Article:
Learning with “Microworlds” (Middle School)
To advance scientific literacy, new tool taps todayâs digital natives
What if a science teacher could base the pace of her classroom instruction precisely on whether each student successfully solves the assignment at hand?
Thanks to recent progress by a Learning Sciences research group at the Worcester Polytechnic Institute in Massachusetts, this dream is no longer hypothetical. By harnessing the power of a computerized science assessment and tutoring system weâve developed in collaboration with other colleagues, middle school teachers can now use a handheld smartphone to find out whether Johnny Smith at, say, desk 6, is struggling with the formation of a basic hypothesis, or conducting experimental trials.
Our program is in its fifth year of development for assessments for Physical, Earth, and Life Sciences in accordance with goals of the Massachusetts Curricular Frameworks. Recently, weâve advanced to real-time tutoring for Physical Science based on studentsâ assessment data. Even though the approach to tutoring in real time is new, the idea looks promising so far.
Our tutoring environment deploys a series of âmicroworldsâ designed to engage middle school students with simulated laboratory environments. Each microworld lab allows students to virtually conduct inquiry within a science topic. This means that, instead of pouring actual fluid content from a beaker into a flask, each student can simulate the process using virtual equipment, materials, etc.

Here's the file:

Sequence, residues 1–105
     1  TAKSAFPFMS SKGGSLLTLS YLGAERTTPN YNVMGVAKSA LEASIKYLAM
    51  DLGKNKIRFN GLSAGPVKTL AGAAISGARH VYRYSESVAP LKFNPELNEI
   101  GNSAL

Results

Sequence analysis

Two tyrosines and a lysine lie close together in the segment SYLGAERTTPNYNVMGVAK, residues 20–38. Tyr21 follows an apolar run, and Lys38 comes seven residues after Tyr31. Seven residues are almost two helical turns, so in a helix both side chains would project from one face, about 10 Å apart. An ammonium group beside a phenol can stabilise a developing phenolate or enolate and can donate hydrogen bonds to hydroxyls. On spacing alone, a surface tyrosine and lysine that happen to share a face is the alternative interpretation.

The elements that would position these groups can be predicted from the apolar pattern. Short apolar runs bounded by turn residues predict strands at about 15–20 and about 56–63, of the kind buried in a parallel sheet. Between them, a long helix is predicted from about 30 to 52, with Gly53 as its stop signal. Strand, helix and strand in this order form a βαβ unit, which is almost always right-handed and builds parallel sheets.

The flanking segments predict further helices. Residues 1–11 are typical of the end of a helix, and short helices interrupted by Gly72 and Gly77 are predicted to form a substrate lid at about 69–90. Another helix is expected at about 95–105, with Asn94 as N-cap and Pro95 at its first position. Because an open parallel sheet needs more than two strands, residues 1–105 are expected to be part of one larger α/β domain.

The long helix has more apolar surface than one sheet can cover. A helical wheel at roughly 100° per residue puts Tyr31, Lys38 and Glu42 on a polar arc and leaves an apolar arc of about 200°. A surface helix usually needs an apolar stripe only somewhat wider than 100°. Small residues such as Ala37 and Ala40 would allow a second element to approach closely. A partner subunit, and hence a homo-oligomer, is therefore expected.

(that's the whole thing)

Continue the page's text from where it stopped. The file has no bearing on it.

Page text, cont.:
Within each microworld activity, students form a hypothesis, design an experiment, conduct the experiment, analyze their data, warrant their claims with data, and then communicate their findings.
In real time, data, a graph and calculations are displayed for the student on their computer screen. Also along the way, the microworld environment provides various tools, such as widgets for changing variables that guide each student. Weâve even crafted a tool we call a âhypothesis builderâ that uses a series of changeable drop-down menus that, when completed, will provide a hypothesis worthy of experiment.
And because the data are web-based and can be aggregated at various levels (e.g., the class level, the student level, etc.), teachers can track each studentâs progress dynamically from their own monitoring device, such as a smart phone, at a very fine granular level.
Think about it: While students work through each stage of inquiry, the teacher can âlook over their shoulderââvirtually, of courseâand know whether they are developing sound fundamental skills underlying scientific inquiry. Are they testing the hypothesis they said they were going to test? Are they using the proper âcontrol-for-variablesâ strategy? Are they making the correct interpretation from their data? Can they choose the correct trials that support this conclusion?
Through logging studentsâ actions, these data provide a wealth of useful data about student skills, both in process and the end product, which are used in turn by teachers to inform their instruction.
We think this program optimizes a visuo-spatial form of learning: In any text problem, the textÂ is non-isomorphic to the thing it represents. In a virtual microworld, each thing is isomorphic to what it represents in science at varying levels of abstraction.
These microworlds illuminate for students complex processes that are otherwise invisible to the human eyeâbecause of their size scale or time scaleâin areas like phase change, cellular biology, mountain formation and even more abstract topics, such as how convection currents form.
With so much interest of late on visual and inquiry-based learning, this is an interesting and engaging way for students to learn science through inquiry. We hope very soon to produce efficacy data about our approach to real-time tutoring.